Sunday, February 29, 2004

A big decline in casualties in Iraq -- where's the press coverage? 

American casualties in Iraq declined dramatically during February. According to Global Security, 20 Americans died in combat during February, by far the lowest amount of any month since the beginning of the war. The number of wounded Americans also declined to its lowest level since August. No American has died in Iraq from hostile action since February 19. Where's the media?

The next couple of months will tell us whether this is good luck, or a trend that can be sustained. As TigerHawk wrote last week, and the New York Times wrote this morning(!), the massive troop rotation now going on puts American soldiers at risk. Tens of thousands of soldiers are on the move, and we are trading out most of our battle-hardened veterans for greener troops who do not yet know the territory. In short, there are a lot of targets for the insurgents to hit, and they may be, on average, less streetwise.

In any case, the Times article is interesting in at least two respects. First, it describes our great efforts to train the new soldiers to contend with the Iraqi insurgency. If these efforts are successful, perhaps the casualties will remain down for good. Second, it fails to mention that American casualties generally are way down. Why? That would seem a relevant point.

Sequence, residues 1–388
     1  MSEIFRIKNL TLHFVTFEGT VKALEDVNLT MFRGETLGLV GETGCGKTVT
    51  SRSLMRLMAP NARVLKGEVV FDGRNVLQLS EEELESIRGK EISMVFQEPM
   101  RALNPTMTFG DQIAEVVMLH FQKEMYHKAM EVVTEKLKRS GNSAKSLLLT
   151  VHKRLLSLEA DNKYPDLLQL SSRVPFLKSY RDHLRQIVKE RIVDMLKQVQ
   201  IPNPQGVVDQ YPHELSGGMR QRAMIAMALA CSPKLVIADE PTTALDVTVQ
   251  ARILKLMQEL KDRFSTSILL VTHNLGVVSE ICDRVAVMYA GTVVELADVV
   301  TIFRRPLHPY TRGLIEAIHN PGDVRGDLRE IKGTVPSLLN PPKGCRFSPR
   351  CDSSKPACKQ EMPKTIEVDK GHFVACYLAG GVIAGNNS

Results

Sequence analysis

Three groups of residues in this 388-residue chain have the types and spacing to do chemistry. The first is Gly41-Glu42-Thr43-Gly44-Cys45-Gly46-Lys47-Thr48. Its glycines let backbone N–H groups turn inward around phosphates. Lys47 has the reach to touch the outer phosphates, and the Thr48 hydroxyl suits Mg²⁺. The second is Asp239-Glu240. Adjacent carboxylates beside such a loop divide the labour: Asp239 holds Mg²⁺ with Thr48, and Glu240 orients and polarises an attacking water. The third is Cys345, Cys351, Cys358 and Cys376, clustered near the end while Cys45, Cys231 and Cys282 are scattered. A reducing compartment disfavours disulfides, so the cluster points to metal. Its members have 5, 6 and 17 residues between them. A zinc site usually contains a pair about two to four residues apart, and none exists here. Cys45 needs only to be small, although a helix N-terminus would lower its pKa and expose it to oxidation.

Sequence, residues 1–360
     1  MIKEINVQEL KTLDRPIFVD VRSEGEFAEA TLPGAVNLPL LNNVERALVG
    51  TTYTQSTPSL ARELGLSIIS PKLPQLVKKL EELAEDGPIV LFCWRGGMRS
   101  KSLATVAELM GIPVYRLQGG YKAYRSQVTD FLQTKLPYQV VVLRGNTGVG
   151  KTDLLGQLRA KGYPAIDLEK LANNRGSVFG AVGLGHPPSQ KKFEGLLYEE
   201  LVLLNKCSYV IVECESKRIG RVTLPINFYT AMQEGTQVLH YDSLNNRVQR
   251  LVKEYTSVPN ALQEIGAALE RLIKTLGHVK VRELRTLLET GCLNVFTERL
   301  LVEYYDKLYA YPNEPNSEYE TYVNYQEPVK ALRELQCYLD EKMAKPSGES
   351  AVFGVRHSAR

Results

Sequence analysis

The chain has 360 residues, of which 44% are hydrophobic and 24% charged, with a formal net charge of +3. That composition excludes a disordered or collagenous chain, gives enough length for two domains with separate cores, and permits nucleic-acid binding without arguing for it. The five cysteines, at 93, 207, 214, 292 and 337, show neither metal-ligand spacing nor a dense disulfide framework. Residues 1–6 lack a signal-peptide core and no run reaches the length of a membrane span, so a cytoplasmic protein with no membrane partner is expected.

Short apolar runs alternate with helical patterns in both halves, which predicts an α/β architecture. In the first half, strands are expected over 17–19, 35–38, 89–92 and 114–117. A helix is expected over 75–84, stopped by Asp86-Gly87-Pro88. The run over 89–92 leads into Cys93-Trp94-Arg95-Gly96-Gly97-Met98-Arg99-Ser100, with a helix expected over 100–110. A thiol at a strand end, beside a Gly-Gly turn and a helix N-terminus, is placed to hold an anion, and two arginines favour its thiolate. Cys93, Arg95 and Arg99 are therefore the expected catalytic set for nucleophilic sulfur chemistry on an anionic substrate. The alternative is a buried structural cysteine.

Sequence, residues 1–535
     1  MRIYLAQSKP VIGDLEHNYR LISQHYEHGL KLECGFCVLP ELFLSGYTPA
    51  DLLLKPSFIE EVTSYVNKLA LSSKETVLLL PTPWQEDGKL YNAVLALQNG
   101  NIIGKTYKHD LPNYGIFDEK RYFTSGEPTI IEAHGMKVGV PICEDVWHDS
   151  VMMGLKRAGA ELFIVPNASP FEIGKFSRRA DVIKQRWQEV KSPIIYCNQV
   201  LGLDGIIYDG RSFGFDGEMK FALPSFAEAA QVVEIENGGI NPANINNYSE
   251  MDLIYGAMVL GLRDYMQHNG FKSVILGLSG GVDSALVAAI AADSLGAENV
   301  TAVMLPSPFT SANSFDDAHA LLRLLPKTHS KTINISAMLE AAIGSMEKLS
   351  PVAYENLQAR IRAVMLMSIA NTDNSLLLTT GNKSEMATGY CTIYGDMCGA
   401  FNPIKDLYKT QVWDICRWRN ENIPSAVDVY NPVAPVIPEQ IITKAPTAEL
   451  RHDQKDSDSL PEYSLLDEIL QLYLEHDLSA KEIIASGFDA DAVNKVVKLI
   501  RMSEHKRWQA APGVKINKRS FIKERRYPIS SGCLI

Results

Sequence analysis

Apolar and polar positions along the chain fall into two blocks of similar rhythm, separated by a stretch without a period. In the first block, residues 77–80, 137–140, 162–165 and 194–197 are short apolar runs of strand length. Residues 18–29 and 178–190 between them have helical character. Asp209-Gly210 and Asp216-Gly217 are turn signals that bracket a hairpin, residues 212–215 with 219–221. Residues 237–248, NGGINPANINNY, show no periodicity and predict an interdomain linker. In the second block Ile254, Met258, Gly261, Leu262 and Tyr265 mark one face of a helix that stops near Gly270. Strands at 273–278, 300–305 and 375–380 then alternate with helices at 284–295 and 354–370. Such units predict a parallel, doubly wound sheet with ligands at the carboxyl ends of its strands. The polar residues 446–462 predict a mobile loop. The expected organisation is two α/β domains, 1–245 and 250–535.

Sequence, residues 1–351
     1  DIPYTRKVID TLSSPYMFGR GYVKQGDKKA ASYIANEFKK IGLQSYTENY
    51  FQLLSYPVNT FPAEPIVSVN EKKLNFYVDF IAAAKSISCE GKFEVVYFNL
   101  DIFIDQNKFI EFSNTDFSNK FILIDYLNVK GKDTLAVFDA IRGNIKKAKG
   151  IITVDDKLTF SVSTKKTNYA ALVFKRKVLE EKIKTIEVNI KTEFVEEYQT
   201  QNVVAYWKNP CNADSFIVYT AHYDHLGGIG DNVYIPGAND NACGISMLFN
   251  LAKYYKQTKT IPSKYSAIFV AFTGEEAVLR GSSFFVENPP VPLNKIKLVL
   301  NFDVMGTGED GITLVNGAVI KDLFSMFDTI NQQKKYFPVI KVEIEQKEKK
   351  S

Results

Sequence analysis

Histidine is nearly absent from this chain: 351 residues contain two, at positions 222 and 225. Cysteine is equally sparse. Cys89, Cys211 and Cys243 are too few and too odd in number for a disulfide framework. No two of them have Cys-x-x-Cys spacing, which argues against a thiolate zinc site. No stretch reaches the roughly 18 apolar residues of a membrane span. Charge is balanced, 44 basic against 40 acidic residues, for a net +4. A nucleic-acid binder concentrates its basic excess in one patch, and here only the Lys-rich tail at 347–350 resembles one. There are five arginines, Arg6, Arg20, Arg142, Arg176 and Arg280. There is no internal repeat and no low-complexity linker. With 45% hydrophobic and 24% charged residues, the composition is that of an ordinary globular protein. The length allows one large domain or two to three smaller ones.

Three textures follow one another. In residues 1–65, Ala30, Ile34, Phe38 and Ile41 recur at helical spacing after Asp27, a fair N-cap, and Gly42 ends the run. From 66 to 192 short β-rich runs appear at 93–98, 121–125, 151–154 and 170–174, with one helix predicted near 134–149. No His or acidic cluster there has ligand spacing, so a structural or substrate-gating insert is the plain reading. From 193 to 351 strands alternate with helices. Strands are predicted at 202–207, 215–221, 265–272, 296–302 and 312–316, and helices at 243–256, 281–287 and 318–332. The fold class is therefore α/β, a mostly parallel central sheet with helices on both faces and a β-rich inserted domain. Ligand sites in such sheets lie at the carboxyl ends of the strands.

Finally, I have a question for my elite, if small, readership: what will be the impact of 130,000 returning veterans on the Presidential election? Is it not likely that small-town newspapers around the country will feature stories about how they have been reunited with their families and their employers, at least in the case of the reserves? What will they say when interviewed? Will it change the tenor of the press coverage of the war? How will they react to the anti-war left, and the hawkish right? I, for one, have no idea, but hope that we hear from our returning soldiers in detail.


Post a Comment

This page is powered by Blogger. Isn't yours?